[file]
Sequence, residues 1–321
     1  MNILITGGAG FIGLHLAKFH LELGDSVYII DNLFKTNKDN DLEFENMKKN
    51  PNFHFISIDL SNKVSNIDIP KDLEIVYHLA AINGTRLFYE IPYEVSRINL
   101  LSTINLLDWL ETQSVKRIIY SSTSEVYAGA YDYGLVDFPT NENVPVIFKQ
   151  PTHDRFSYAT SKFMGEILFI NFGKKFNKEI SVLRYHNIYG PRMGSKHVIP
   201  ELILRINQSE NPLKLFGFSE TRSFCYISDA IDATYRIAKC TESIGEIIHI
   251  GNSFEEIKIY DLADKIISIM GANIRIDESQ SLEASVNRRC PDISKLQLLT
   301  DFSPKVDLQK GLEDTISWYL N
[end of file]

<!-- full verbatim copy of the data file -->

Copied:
Sequence, residues 1–321
     1  MNILITGGAG FIGLHLAKFH LELGDSVYII DNLFKTNKDN DLEFENMKKN
    51  PNFHFISIDL SNKVSNIDIP KDLEIVYHLA AINGTRLFYE IPYEVSRINL
   101  LSTINLLDWL ETQSVKRIIY SSTSEVYAGA YDYGLVDFPT NENVPVIFKQ
   151  PTHDRFSYAT SKFMGEILFI NFGKKFNKEI SVLRYHNIYG PRMGSKHVIP
   201  ELILRINQSE NPLKLFGFSE TRSFCYISDA IDATYRIAKC TESIGEIIHI
   251  GNSFEEIKIY DLADKIISIM GANIRIDESQ SLEASVNRRC PDISKLQLLT
   301  DFSPKVDLQK GLEDTISWYL N